February 20, 2020

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Ohio Employer Alert: Weapons Policy Review Needed; No Local Sick Leave

During the December lame duck session, the Ohio legislature passed SB 199. Among other things, the law provides that a business entity, property owner, or public or private employer may not establish, maintain, or enforce a policy or rule that prohibits or has the effect of prohibiting a person who has been issued a valid concealed handgun license from transporting or storing a firearm or ammunition inside the person’s privately owned motor vehicle. Thus, under SB 199 employers cannot prevent employees who are licensed to carry guns from keeping those guns locked in their own car in the company parking lot.

Employers with employees in Ohio are advised to review their weapons policies for compliance with the new law, which is effective March 20, 2017.

The legislature also passed SB 331, which (among other things) prohibits political subdivisions of the state from passing laws or otherwise regulating a number of areas of employment, including but not limited to:

  • Minimum wage laws that exceed the state wage rate;

  • Fringe benefits , including leaves of absences, sick pay, vacation, and other benefits;

  • Requiring on-call, show-up, or reporting pay; and

  • Requiring advance notice of scheduling changes.

SB 331 is effective March 20, 2017.

Although Ohio could still pass a statewide sick leave law, SB 331 will avoid the patchwork of local sick leave laws that is blanketing other states, such as California and New Jersey, and creating headaches for employers. While this is good news for employers with employees in Ohio, multi-state employers still have to contend with local laws on all of the above in states outside of Ohio. For example, Seattle recently passed a scheduling ordinance, several jurisdictions require employers to provide reporting pay for employees who show up but are sent home without performing a minimum amount of work, and of course, as all multi-state employers are aware, an increasing number of jurisdictions require employers to provide paid sick leave for their employees.

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About this Author

Jill S. Kirila, Squire Patton Boggs, Service Provider Relationship Lawyer, Multistate Litigation Attorney

Jill Kirila represents and counsels companies in all aspects of employment and other service provider relationships. She has extensive multistate litigation experience before federal and state courts and administrative agencies and regularly defends employers against all types of discrimination and wage and hour claims, as well as executive (including ERISA) benefits and breach of contract claims.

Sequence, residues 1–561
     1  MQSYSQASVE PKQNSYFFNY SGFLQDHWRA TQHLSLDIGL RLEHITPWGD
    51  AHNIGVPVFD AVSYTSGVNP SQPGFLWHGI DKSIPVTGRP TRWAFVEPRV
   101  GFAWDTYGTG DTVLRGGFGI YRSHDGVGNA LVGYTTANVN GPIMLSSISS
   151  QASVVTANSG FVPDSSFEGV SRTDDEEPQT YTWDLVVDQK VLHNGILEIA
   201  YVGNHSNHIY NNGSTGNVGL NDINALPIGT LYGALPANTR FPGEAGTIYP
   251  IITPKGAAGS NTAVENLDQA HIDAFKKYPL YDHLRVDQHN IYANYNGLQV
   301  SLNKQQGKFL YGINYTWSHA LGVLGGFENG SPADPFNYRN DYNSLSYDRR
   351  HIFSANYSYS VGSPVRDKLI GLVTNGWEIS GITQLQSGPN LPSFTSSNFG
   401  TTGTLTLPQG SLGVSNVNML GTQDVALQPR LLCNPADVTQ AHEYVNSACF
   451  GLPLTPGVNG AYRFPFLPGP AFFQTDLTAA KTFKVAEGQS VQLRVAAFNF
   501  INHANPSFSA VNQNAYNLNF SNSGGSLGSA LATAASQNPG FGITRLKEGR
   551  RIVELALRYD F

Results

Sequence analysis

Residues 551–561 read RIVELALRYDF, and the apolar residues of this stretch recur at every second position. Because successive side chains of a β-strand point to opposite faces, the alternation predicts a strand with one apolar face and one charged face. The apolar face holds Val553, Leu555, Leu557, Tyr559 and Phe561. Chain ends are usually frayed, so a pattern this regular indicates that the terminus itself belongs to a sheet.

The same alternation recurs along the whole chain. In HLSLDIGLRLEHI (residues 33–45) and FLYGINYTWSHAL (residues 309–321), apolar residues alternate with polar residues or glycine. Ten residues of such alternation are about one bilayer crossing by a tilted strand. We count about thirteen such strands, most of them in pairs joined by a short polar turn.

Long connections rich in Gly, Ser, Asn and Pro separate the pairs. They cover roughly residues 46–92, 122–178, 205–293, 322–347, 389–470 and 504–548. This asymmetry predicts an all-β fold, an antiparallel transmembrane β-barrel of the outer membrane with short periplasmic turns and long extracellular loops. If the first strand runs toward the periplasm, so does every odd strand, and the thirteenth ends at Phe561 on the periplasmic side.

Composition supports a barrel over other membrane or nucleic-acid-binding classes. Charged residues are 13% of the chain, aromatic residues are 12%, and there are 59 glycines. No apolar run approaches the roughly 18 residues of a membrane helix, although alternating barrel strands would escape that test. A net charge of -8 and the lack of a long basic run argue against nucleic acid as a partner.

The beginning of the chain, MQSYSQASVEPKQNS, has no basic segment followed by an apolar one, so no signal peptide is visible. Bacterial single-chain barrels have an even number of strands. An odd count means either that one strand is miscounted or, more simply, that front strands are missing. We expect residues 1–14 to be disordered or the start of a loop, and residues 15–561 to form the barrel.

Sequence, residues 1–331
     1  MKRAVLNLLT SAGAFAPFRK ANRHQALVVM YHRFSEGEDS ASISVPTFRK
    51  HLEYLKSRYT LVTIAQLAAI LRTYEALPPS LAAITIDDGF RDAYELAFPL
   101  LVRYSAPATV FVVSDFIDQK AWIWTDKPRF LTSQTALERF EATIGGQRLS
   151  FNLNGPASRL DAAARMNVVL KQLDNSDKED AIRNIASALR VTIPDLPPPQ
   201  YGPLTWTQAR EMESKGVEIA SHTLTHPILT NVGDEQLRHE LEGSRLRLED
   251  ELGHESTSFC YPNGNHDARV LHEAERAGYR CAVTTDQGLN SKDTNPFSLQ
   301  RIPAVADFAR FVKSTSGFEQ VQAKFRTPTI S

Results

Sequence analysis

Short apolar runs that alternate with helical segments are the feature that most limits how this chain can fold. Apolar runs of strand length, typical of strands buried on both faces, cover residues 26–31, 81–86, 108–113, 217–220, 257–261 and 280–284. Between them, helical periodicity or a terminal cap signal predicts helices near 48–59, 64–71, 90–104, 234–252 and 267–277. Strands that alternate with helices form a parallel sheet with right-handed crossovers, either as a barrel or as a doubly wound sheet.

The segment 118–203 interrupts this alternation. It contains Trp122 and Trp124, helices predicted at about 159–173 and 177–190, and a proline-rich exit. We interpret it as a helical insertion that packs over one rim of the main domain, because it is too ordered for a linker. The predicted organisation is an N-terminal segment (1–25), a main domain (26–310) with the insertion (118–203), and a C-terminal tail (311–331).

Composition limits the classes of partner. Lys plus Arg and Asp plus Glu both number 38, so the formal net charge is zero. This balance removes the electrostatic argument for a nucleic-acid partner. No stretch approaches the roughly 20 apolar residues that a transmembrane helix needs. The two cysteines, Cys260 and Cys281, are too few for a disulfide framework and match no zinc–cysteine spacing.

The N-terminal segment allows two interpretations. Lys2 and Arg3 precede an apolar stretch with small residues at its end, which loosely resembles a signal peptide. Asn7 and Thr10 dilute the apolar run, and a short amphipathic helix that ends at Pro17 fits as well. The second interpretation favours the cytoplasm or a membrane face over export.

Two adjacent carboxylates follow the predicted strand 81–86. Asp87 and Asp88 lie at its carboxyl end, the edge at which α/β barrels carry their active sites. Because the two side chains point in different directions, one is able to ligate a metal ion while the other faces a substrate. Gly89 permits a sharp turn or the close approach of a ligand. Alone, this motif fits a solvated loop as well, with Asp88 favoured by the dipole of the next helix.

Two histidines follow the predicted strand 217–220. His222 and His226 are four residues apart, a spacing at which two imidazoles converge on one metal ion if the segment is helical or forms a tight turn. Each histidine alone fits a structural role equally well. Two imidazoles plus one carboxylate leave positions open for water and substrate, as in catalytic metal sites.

614 365 2772
Shennan Harris Employment Lawyer Squire Patton Boggs Columbus

Shennan Harris helps employers solve – and prevent – problems through efficient, effective, personalized representation and counseling.

Shennan excels at efficiently and effectively managing all aspects of the litigation process and thinking outside the box to resolve tough problems. She represents clients in all aspects of complex litigation and arbitration, including class actions and in state and federal trial and appellate courts, as well as helps employers resolve charges of discrimination and other disputes before administrative agencies.

In addition to her dispute resolution work, Shennan counsels employers of all sizes regarding all aspects of federal, state and local employment law, including hiring, termination, wage and hour compliance, FMLA and ADA issues, federal contractor issues, and employee handbooks and policies. Shennan is well-versed on state and local employment laws, including paid sick leave laws, allowing her to provide guidance to employers with employees across the US. She also helps clients by reviewing, drafting and providing advice regarding all types of employment-related contracts.

Prior to joining our firm, Shennan was a litigation associate in the Chicago office of a major international law firm for seven years.

Shennan is a member of the Federal Bar Association and Ohio Women’s Bar Association, and is a member of the Ohio Women’s Bar Foundation’s 2016-17 Leadership Institute class.


  • Successfully defended district court’s grant of summary judgment for client employer upon appeal to the Sixth Circuit Court of Appeals.

  • Obtained summary judgment for employer in employer intentional tort case.

  • Representing employers in employment discrimination litigation in federal court.

  • Revised handbook and drafted 50-state supplement for client with employees across the US.

  • Representing employer in multiplaintiff arbitration involving wage and hour allegations.